"Our initial emphasis will be on source material, primarily soil that needs to be removed," said Dayton Sherrouse, the authority's executive director.
The canal authority purchased the historic, 518,000-square-foot mill last week from Avondale Mills.
Applications are due in October for U.S. Environmental Protection Agency grants that could help finance cleanup work that would make the site more attractive for redevelopment.
"Our intent is to do the work as we get money," he said. "The grant limit in these programs is $200,000, but it is possible to get multiple grants for one site, so that is what we are pursuing."
Applications will be filed for three such grants -- each requiring a 20 percent local match. If all are approved, the authority could receive as much as $600,000 with matching requirements totaling $120,000, creating a $720,000 cleanup fund.
In addition to removal of contaminated soil, other needed work includes demolition of nonhistoric out buildings and removal of asbestos and lead-based paint inside the mill.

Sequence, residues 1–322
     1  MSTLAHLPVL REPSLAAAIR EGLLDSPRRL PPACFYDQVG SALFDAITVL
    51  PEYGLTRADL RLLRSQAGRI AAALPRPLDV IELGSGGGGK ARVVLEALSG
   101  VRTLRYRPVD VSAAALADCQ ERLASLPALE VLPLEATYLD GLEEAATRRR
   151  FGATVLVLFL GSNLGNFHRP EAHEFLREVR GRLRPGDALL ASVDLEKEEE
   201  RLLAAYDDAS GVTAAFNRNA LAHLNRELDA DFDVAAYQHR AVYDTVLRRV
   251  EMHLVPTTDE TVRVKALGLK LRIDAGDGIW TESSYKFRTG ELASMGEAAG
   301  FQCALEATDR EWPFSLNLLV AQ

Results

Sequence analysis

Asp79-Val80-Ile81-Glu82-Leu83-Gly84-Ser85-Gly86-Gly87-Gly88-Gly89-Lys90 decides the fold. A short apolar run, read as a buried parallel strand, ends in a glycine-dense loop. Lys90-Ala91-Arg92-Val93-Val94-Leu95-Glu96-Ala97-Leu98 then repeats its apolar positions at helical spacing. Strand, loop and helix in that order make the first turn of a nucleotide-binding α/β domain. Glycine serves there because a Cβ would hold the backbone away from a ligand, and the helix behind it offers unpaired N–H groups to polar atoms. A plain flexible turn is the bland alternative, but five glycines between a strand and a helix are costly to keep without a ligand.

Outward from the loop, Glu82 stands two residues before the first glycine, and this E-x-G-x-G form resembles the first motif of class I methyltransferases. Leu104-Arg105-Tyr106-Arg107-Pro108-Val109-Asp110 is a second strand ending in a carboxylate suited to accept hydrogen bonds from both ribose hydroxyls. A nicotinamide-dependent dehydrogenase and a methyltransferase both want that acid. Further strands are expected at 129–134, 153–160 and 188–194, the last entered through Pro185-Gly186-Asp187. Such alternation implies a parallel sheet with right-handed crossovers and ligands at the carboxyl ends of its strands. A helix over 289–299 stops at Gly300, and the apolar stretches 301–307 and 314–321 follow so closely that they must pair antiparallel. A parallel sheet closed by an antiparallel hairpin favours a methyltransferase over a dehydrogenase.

"Our goal is to get it ready for a developer so we are starting on the outside," Sherrouse said. "Most of the inside stuff would logically be done by a developer. They would be tearing out things and working inside the building anyway."
The authority's $800,000 purchase also includes the mill's turbines and its electricity.
The water-powered generators typically earn $1,200 to $1,300 per day through power sales, which could help the authority maintain the site and provide matching funds for the grants.
Future plans include marketing the site for uses that might include residential, professional and commercial uses.
In 2001, the canal authority purchased Sibley's next-door neighbor, King Mill, for $250,000.
The authority then leased the building to a new operator, Ohio-based Standard Textile, which has kept it open as an active manufacturer and employer.